2. The proprieties of the judicial station, in a great measure, disable the judge from defending himself against strictures upon his official conduct. For this reason and because such criticisms tend to impair public confidence in the administration of justice attorneys should as a rule, refrain from published criticism of judicial conduct, especially in reference to causes in which they have been of counsel, otherwise than in courts of review, or when the conduct of a judge is necessarily involved in determining his removal from or continuance in office.
3. Marked attention and unusual hospitality to a judge, when the relation of the parties are such that they would not otherwise be extended, subject both judge and attorneys to misconstructions, and should be sedulously avoided. A selfrespecting independence in the discharge of the attorney's duties which at the same time does not withhold the courtesy and respect due the judges station, is the only just foundation for cordial personal and official relations between bench and bar. All attempts by means beyond these to gain special personal consideration and favor of a judge are disreputable.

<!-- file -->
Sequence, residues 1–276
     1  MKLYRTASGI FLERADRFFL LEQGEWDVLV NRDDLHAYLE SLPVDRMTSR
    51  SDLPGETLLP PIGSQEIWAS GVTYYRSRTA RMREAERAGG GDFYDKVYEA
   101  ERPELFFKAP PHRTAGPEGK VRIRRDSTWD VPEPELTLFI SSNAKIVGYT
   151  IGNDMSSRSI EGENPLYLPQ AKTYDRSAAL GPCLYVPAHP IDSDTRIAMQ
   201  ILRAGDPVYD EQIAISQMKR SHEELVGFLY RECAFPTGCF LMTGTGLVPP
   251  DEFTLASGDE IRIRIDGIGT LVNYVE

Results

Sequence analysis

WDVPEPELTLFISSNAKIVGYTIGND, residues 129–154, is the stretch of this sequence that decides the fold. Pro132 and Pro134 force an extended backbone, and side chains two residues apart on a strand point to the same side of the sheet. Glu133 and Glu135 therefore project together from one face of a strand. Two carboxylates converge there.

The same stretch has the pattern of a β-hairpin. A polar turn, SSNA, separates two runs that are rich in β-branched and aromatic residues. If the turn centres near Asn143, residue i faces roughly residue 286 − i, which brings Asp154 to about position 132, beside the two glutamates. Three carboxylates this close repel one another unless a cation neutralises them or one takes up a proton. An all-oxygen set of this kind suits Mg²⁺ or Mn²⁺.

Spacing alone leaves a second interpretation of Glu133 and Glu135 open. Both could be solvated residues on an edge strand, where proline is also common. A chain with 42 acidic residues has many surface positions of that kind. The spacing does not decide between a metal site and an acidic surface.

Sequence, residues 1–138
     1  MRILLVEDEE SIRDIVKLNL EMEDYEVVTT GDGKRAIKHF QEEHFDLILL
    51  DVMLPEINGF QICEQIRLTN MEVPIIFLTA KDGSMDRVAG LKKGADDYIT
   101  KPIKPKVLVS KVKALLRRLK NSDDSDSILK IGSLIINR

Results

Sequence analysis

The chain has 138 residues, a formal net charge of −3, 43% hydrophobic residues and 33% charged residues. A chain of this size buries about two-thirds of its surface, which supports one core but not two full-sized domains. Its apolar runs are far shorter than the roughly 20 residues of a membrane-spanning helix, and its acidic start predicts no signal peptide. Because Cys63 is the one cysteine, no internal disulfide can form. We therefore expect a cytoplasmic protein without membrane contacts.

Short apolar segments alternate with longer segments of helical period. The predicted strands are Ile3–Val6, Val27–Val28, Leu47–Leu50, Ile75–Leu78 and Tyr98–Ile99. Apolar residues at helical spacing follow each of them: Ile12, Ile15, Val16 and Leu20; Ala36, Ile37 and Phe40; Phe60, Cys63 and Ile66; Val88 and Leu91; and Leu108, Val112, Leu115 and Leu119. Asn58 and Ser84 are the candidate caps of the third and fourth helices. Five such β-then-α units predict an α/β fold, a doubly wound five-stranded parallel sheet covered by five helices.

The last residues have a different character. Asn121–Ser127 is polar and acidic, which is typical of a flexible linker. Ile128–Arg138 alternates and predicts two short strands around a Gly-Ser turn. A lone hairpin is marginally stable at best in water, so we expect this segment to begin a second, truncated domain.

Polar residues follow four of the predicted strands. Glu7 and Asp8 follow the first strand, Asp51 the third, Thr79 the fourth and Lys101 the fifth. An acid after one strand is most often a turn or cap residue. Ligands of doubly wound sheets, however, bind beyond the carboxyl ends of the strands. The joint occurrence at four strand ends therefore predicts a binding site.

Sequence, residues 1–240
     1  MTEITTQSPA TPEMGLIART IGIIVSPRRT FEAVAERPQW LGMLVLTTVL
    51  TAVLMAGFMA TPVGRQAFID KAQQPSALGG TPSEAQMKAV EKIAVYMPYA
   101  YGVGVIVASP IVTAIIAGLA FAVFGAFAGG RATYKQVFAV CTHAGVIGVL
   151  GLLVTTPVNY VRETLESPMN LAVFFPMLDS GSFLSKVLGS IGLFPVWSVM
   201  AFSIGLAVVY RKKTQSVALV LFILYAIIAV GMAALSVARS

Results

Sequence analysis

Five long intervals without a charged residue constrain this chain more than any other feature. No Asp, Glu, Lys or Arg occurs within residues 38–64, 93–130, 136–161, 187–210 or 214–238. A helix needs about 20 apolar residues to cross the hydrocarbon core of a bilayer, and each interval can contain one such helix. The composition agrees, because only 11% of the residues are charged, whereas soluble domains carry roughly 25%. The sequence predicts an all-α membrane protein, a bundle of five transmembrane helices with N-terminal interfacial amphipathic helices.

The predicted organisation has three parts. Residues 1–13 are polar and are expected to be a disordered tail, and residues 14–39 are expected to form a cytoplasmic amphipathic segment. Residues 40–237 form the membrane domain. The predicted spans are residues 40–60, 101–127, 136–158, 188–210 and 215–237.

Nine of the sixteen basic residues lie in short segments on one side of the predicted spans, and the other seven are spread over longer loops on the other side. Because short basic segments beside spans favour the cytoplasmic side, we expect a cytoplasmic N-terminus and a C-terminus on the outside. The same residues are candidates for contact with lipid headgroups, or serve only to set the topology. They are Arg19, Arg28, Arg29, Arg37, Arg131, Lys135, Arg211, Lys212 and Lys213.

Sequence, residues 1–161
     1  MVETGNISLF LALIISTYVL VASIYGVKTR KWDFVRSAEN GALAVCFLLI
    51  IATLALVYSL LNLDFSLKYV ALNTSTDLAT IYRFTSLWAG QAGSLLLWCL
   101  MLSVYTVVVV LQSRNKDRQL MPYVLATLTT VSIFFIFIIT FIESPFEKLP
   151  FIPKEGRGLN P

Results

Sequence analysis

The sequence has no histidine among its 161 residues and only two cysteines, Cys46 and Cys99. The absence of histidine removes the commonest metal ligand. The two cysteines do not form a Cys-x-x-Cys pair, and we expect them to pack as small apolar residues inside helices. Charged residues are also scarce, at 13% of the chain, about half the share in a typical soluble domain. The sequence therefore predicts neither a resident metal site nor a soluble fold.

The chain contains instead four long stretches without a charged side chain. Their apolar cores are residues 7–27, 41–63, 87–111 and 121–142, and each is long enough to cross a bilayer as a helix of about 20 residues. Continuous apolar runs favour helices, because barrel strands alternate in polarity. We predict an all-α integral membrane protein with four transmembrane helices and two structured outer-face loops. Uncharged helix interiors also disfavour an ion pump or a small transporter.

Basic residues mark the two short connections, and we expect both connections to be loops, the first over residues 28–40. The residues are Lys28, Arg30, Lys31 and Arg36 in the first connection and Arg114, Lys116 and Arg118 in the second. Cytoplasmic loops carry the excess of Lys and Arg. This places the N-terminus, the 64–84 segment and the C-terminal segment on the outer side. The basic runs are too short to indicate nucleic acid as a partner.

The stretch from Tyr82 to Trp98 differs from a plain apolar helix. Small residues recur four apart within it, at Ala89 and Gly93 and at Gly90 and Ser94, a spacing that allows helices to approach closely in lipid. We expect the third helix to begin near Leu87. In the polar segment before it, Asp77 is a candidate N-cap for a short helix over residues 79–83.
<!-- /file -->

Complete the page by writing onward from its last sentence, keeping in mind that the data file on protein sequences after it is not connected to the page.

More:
4. Courts and judicial officers, in the rightful exercise of their functions should always receive the support and countenance of attorneys against unjust criticism and popular clamor; and it is an attorney's duty to give them his moral support in all proper ways, and particularly by setting a good example in his own person of obedience to law.